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A sign protesting the Terminal High Altitude Area Defense, or THAAD, anti-missile system appears during a demonstration in Seoul, South Korea, March 11, 2017.

A sign protesting the Terminal High Altitude Area Defense, or THAAD, anti-missile system appears during a demonstration in Seoul, South Korea, March 11, 2017. (Stars and Stripes)

CAMP HUMPHREYS, South Korea — One month before South Korean voters head to the polls, the two front-runners in the 2022 presidential election have diverged on the idea of deploying another U.S.-made missile defense system in their country.

Yoon Seok-youl, the nominee of the conservative, opposition People Power Party, and Lee Jae-myung of the ruling Democratic Party, have voiced disagreements over hosting a second Terminal High Altitude Area Defense, or THAAD, system.

The $800 million THAAD, a product of U.S. defense contractor Lockheed Martin, can detect and intercept short-, medium- and intermediate-range ballistic missiles. It can track missiles from 540 miles to 1,864 miles away and defend targets up to 124 miles away, according to the Center for Strategic and International Studies.

A THAAD battery has been stationed for the past four years at a South Korean military base in Seongju, about 130 miles south of Seoul. The U.S. and South Korean militaries deployed the battery “solely to enhance the defense” of the Korean Peninsula in light of North Korea’s “strategic provocations,” according to a joint statement in 2017.

Yoon, a former chief prosecutor in South Korea, has proposed fielding a second THAAD system because the country is “on the verge of the moment that special measures are needed,” according to a Jan. 31 statement by the People Power Party.

A Terminal High Altitude Area Defense, or THAAD, interceptor is launched from Wake Island on Nov. 1, 2015. The system successfully intercepted two ballistic missile targets during the test.

A Terminal High Altitude Area Defense, or THAAD, interceptor is launched from Wake Island on Nov. 1, 2015. The system successfully intercepted two ballistic missile targets during the test. (Missile Defense Agency)

Components of a Terminal High Altitude Area Defense, or THAAD, anti-missile system arrive at Osan Air Base, South Korea, in March 2017.

Components of a Terminal High Altitude Area Defense, or THAAD, anti-missile system arrive at Osan Air Base, South Korea, in March 2017. (Jeremy Larlee/U.S. Army)

North Korea’s seven rounds of missile tests so far this year raise the necessity of deploying another THAAD battery “to protect life and property” in the capital city of Seoul, according to the party statement.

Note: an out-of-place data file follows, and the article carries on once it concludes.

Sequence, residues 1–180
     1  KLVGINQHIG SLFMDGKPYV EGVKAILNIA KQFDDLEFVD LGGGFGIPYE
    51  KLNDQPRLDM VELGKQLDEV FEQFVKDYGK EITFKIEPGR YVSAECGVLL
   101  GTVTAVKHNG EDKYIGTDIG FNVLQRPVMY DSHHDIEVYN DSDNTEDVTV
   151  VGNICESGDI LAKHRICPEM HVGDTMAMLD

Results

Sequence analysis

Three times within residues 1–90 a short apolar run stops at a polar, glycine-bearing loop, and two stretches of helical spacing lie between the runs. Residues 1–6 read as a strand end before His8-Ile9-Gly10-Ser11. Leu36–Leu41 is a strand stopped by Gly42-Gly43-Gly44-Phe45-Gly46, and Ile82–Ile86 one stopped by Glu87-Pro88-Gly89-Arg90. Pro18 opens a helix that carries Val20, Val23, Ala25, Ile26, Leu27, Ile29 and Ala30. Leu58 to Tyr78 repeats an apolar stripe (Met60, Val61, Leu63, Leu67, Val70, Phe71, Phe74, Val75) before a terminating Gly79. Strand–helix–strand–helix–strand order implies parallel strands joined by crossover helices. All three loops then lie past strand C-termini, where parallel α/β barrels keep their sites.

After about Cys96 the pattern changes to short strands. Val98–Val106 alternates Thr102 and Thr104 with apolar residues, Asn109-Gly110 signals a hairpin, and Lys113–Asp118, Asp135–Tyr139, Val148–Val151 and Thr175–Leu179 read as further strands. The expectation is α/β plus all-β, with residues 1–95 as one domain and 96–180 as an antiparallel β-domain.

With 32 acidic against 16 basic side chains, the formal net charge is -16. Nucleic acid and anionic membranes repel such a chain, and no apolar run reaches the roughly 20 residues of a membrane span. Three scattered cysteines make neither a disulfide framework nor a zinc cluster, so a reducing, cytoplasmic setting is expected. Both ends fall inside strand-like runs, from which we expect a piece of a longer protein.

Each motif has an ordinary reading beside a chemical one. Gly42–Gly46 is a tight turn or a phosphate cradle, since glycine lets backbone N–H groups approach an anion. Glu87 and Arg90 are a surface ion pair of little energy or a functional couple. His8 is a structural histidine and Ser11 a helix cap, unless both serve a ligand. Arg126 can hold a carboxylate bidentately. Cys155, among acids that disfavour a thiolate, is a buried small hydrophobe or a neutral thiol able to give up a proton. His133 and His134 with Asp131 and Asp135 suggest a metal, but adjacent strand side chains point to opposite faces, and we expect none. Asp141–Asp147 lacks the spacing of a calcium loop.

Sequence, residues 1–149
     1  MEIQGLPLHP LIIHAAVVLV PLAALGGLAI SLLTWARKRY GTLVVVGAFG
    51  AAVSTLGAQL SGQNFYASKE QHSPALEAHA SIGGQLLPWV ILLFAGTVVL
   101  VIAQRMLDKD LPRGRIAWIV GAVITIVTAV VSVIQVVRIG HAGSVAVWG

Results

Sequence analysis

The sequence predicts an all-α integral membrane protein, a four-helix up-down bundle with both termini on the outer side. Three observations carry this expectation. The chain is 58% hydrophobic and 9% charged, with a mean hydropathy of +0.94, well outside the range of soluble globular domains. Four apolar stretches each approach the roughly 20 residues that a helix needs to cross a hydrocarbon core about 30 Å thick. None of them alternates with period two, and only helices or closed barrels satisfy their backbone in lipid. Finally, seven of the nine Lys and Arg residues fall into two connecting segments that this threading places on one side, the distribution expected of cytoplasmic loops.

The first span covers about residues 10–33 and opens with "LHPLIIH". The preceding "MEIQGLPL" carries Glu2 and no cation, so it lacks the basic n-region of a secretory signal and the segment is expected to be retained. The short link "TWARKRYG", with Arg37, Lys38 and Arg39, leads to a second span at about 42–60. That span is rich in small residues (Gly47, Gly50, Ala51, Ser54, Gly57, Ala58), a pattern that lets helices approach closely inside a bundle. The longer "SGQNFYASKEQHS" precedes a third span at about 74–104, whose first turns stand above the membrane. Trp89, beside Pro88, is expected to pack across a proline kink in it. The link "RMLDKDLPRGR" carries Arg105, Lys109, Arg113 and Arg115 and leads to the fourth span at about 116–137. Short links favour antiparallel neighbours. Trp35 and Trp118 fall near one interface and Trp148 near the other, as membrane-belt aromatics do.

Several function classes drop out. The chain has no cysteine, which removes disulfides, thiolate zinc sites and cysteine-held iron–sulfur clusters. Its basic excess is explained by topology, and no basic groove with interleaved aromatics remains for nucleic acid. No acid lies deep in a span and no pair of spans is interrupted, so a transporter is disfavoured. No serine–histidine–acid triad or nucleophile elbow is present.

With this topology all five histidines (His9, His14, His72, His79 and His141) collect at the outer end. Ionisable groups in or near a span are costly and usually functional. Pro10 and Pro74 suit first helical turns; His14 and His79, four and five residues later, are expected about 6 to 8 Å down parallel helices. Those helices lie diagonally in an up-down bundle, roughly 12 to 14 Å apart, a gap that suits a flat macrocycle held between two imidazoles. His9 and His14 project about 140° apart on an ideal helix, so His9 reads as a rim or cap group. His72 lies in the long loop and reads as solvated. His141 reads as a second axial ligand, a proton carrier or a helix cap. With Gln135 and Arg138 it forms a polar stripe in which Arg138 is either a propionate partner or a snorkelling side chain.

Yoon, the statement said, believes the sole battery in Seongju has limited capabilities to defend the Seoul metropolitan region.

“Peace is not a thing which clamors by mouth but shows by doing actions,” the statement said. “We will build peace through power.”

Lee, the Democratic Party candidate, cautioned against deploying an additional THAAD battery, during a presidential debate with Yoon and two other challengers on Thursday.

Lee has described the existing system, deployed under South Korean President Park Geun-hye’s conservative administration, as a harsh “reality,” and on Thursday said he would judge its usage based on future circumstances.

Lee, in a recent campaign statement, accused Yoon of “escalating tension and intensifying confrontation.” Yoon’s pro-THAAD stance would “ruin our economy” by way of provoking China, Lee said during Thursday's debate.

Beijing responded to the initial THAAD deployment with a boycott of South Korean businesses, resulting in a $7 billion economic hit, South Korea's government said in December 2017.

“It is a really dangerous act to damage national interests,” Lee said at a separate policy debate hosted Wednesday by the Christian Broadcasting System.

Lee, formerly the governor of South Korea’s most populous province, Gyeonggi, instead urged for “pragmatic diplomacy.”

He is not alone in questioning the need for another THAAD system.

Retired Army Gen. Vincent Brooks, a former commander of U.S. Forces Korea, said in November that integrating existing defense systems, such as the Patriot anti-missile battery, with the THAAD could be a prudent option.

Yang Uk, an associate research fellow at the Asan Institute for Policy Studies in Seoul, said he expects the THAAD debate to continue in the coming weeks.

“It’s a political issue," Uk told Stars and Stripes by phone Friday. “When it was first deployed, there was a lot of pressure from China, and, also, Korea suffered economic damage. It already became an issue that divided the political parties.”

Stars and Stripes reporter Yoo Kyong Chang contributed to this report.

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Yoo Kyong Chang is a reporter/translator covering the U.S. military from Camp Humphreys, South Korea. She graduated from Korea University and also studied at the University of Akron in Ohio.
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David Choi is based in South Korea and reports on the U.S. military and foreign policy. He served in the U.S. Army and California Army National Guard. He graduated from the University of California, Los Angeles.
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